Lucy Ann Lobdell (1829-1912) was an ordinary woman whose extraordinary life was shaped by personal strife and the hardship of life in early nineteenth-century upstate New York. Struggling with an abusive husband, a young child, ailing parents, and financial strain, Lucy did what was necessary to support her family. In a rural world defined by farming and lumbering, she dressed, labored, and lived in a traditional masculine role. Her prowess as a rifle shot and fiddle player were known locally, but because of her uncon- ventional, androgynous lifestyle, she became a target of public gossip and ridicule. Educated and eloquent, Lucy penned and published, The Narrative of Lucy Ann Lobdell, the Female Hunter of Delaware and Sullivan Counties, N.Y., in 1855. Only two copies are known to exist. The narrative provides a unique look at the persecution of a woman whose only offense was disregard for contemporary societal norms. After her husband was killed during the Civil War, she received a widow's pension. Ostracized and eventually hospitalized in 1880, she underwent torturous treatment until she confessed to a doctor that she was a man in all that the name implies, a self-serving report the doctor used to promote his career. Whether Lucy was a lesbian, cross dresser, or transgender, we don't know from the historical record, but as Lisa Macchia Ohliger demonstrates in The Narrative of Lucy Ann Lobdell: A Woman's Case for Equality, Lucy embodied the nascent women's rights movement. At the same time, and not far from where Lucy lived and went to school, Amelia Bloomer was advocating the right for women to wear pants and was publishing the feminist newspaper, The Lily, while Susan B. Anthony was pushing for land rights and equal pay for women. All of these issues are found in Lucy's account. Lucy's life is an illustration of the historical significance and destructive power of gender in society, and her narrative bears painful witness to the clash between taboo and survival.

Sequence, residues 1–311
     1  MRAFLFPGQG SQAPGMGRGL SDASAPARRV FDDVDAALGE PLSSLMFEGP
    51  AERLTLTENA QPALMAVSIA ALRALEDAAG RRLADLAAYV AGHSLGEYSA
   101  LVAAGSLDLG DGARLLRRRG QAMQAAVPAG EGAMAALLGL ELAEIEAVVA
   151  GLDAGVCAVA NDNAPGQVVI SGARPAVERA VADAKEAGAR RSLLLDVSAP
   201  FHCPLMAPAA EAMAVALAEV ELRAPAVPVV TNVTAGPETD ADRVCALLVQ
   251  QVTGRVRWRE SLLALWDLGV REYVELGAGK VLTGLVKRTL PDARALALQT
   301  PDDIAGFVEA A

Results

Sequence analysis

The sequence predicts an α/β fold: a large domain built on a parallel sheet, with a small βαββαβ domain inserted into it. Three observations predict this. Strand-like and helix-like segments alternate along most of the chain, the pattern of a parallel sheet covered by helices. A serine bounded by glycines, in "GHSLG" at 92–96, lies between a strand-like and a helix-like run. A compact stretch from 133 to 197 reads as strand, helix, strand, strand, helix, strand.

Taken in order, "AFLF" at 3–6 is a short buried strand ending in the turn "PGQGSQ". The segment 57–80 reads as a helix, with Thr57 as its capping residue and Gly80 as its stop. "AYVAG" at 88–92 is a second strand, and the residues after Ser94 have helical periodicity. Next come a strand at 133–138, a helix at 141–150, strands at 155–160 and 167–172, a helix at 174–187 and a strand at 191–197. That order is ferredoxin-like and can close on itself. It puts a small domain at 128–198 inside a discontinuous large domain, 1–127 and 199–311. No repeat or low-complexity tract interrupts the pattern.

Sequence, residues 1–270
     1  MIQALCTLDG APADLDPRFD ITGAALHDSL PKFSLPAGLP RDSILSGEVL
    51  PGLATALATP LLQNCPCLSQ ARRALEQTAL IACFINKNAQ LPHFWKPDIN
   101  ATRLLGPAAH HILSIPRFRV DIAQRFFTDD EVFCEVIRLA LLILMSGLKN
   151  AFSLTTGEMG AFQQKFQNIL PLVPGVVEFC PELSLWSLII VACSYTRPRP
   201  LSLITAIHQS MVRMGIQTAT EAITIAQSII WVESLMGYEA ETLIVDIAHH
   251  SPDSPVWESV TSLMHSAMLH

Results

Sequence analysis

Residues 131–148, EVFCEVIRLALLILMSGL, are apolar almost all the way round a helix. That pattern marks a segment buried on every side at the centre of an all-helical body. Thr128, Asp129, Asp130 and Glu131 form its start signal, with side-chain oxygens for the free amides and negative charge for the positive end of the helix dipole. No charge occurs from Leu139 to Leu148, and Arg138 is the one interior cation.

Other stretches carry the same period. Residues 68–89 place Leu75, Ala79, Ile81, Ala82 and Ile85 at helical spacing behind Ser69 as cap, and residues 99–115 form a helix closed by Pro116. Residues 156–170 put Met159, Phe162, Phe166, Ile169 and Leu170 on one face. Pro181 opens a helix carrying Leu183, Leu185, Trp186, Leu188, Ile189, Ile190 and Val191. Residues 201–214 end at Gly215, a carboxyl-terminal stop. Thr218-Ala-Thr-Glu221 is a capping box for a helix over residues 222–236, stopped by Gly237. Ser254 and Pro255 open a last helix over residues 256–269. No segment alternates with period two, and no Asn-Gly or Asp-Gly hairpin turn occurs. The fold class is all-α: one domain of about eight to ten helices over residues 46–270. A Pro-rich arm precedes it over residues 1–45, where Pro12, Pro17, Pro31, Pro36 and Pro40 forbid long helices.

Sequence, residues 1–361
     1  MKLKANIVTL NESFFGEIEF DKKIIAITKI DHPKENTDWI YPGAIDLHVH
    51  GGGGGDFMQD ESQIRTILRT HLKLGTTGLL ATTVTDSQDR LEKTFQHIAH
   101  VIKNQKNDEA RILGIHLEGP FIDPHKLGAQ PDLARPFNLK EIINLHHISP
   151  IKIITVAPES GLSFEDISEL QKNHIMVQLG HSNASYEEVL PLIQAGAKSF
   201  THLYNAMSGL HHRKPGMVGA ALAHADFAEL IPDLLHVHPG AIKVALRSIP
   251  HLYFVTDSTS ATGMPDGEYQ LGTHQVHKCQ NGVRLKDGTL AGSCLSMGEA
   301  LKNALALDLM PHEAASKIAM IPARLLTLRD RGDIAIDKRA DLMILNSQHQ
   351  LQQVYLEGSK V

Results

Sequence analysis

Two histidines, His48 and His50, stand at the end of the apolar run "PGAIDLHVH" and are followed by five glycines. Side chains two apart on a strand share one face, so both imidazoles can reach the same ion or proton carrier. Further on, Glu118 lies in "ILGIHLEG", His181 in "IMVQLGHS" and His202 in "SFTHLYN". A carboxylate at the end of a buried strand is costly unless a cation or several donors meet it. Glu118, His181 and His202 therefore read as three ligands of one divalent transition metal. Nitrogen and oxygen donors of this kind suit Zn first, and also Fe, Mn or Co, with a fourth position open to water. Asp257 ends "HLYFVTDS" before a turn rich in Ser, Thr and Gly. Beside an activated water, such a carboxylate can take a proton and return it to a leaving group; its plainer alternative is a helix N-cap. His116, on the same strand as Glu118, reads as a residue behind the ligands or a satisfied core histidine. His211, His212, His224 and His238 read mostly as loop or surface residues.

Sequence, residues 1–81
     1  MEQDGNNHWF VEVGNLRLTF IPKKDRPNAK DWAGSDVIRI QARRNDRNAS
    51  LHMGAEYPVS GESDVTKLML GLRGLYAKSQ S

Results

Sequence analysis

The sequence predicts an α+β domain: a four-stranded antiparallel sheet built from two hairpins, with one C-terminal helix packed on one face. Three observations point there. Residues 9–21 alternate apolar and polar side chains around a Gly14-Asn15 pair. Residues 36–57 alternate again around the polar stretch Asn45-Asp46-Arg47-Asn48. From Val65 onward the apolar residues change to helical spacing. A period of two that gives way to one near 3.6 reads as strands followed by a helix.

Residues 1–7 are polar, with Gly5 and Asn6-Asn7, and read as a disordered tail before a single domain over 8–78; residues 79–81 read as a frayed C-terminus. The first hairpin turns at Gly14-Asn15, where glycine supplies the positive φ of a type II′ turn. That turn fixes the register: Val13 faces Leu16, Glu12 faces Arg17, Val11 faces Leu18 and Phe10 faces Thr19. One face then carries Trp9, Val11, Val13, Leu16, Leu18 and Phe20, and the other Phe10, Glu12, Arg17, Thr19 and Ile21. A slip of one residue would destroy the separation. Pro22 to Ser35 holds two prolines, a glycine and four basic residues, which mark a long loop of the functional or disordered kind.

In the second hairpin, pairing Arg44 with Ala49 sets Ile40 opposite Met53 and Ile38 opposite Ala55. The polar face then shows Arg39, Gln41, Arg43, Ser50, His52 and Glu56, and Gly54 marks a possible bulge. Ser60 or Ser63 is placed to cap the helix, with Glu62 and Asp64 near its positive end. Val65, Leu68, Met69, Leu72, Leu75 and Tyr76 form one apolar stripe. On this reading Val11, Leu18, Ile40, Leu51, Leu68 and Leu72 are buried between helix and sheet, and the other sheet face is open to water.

Help, one and all, to aid woman, the weaker vessel. If she is willing to toil, give her wages equal with that of man. And as she bears her own curse, (nay, indeed, she helps to bear a man's burden also, ) secure to her her rights, or permit her to wear pants, and breathe the pure air of heaven. --from The Narrative of Lucy Ann Lobdell